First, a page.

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Scott Ritter Rips Apart Legal Pretense for U.S.-U.K. Bombing of Yemen

Scott Ritter, in his RT op-ed, “How the U.S. Misleads the World about Its Involvement in Yemen,” systematically takes apart the façade of legality in the recent U.S.-U.K. military strikes on Yemen. First, he cites the U.S. delegate to the UN telling the UN Security Council that the Jan. 12 strikes were “consistent with international law.” Ritter is direct: International law on such strikes either goes through the UN Charter’s Article 51 on legitimate self-defense or via a Security Council Chapter VII resolution. He notes the irony, that since neither standard was met, the U.S. delegate was trying to tell the UNSC that an unlawful act was “consistent” with UN-defined lawful acts.

Next, he cites British Foreign Minister David Cameron’s invocation of the UN Security Council in his justification of the U.K.’s involvement in the attacks on Yemen, claiming that the Council had “made clear” in the Jan. 10 resolution that the “Houthi must halt attacks in the Red Sea.” However, since the U.S. and U.K. had (apparently intentionally) avoided Chapter VII in pushing through their informal resolution, there was no law behind their resolution or their military attack.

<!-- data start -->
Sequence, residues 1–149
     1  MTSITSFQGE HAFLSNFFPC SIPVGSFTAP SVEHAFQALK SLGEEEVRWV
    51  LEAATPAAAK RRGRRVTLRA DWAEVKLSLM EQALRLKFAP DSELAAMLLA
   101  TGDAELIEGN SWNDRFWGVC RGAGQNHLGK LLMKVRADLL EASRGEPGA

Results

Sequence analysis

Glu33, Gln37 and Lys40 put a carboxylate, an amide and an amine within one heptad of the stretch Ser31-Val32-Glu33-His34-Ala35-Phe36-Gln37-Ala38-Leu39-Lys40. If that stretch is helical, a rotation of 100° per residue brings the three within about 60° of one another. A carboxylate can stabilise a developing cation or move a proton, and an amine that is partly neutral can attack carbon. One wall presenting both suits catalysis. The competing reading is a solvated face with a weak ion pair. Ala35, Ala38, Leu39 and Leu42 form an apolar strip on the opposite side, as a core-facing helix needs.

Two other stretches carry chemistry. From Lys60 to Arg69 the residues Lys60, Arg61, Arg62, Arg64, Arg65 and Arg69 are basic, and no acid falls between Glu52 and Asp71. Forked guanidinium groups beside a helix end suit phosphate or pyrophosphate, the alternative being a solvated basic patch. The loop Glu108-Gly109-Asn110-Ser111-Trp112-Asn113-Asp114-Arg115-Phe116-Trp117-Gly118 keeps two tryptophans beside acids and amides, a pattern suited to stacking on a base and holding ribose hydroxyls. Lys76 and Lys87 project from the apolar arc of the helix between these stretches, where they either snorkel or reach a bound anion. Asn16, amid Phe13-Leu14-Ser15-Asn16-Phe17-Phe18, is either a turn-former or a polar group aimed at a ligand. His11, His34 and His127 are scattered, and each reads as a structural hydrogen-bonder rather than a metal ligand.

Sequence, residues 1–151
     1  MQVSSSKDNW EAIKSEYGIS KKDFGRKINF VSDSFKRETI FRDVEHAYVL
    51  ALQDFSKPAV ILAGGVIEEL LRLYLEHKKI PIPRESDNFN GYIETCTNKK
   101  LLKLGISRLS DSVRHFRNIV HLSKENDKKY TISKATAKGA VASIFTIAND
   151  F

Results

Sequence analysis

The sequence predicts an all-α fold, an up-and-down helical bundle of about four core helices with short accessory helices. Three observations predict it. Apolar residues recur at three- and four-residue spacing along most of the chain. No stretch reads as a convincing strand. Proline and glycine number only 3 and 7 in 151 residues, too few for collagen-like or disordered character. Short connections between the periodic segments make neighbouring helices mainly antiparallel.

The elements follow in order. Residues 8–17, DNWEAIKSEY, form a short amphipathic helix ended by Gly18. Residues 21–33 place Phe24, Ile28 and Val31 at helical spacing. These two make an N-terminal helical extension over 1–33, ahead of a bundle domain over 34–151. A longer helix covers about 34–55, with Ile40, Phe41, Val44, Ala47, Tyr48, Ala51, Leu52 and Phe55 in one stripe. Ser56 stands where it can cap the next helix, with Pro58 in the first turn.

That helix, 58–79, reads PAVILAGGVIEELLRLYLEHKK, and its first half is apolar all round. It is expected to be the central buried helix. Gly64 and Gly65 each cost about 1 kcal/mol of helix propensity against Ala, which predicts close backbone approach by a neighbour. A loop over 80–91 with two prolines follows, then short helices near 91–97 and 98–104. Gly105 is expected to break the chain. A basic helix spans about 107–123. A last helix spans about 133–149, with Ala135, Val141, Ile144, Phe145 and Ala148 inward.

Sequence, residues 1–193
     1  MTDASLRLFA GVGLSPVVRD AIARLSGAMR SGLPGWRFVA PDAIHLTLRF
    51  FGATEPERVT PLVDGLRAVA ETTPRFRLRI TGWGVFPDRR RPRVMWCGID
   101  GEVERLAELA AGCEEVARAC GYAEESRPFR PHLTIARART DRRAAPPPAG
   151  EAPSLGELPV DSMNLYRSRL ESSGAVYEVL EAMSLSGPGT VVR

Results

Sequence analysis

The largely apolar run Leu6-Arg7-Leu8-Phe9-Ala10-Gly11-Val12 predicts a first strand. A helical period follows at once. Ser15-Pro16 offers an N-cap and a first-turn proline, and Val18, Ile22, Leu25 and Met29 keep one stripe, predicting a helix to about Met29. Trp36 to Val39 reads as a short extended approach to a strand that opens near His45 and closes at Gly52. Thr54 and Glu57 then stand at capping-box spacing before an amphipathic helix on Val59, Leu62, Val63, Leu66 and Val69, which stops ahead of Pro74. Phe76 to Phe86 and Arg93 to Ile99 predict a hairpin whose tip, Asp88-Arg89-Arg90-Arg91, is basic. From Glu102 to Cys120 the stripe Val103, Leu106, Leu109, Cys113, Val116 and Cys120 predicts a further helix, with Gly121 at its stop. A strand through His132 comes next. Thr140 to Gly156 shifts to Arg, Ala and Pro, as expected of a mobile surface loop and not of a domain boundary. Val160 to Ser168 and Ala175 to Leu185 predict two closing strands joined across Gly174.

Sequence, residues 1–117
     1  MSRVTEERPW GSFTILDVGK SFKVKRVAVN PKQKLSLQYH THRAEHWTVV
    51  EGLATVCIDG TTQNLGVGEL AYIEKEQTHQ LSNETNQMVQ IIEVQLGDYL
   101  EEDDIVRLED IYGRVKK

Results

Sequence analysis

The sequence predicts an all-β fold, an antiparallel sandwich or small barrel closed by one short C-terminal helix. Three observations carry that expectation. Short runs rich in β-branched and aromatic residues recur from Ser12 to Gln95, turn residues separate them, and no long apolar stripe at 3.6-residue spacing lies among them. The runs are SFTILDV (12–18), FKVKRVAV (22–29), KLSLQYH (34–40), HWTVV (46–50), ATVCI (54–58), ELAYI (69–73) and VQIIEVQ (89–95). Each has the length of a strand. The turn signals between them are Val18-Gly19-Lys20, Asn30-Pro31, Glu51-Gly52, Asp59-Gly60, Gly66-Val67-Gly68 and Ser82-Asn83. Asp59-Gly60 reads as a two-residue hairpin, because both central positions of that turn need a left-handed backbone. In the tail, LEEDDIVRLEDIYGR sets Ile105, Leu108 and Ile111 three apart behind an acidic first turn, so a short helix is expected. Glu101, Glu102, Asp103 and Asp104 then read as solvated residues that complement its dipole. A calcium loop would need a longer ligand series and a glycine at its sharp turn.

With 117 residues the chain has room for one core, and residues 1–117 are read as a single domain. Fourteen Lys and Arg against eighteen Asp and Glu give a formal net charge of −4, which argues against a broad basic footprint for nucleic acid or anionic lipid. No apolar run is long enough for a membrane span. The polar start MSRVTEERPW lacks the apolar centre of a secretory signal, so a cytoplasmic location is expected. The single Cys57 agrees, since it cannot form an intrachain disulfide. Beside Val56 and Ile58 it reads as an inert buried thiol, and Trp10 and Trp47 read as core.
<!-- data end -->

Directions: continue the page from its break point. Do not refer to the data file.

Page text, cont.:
Then, he addressed President Joe Biden’s feeble attempt to appeal to self-defense: “I ordered this military action, in accordance with my responsibility to protect Americans at home and abroad.” But, Ritter explains, the Houthis had not attacked Americans, neither at home nor abroad: “To the extent that U.S. forces had previously engaged weapons fired by the Houthis, they had done so to shield non-American assets—either the State of Israel or international shipping—from Houthi attack. Under no circumstances could the U.S. argue that it had been attacked by the Houthis.”

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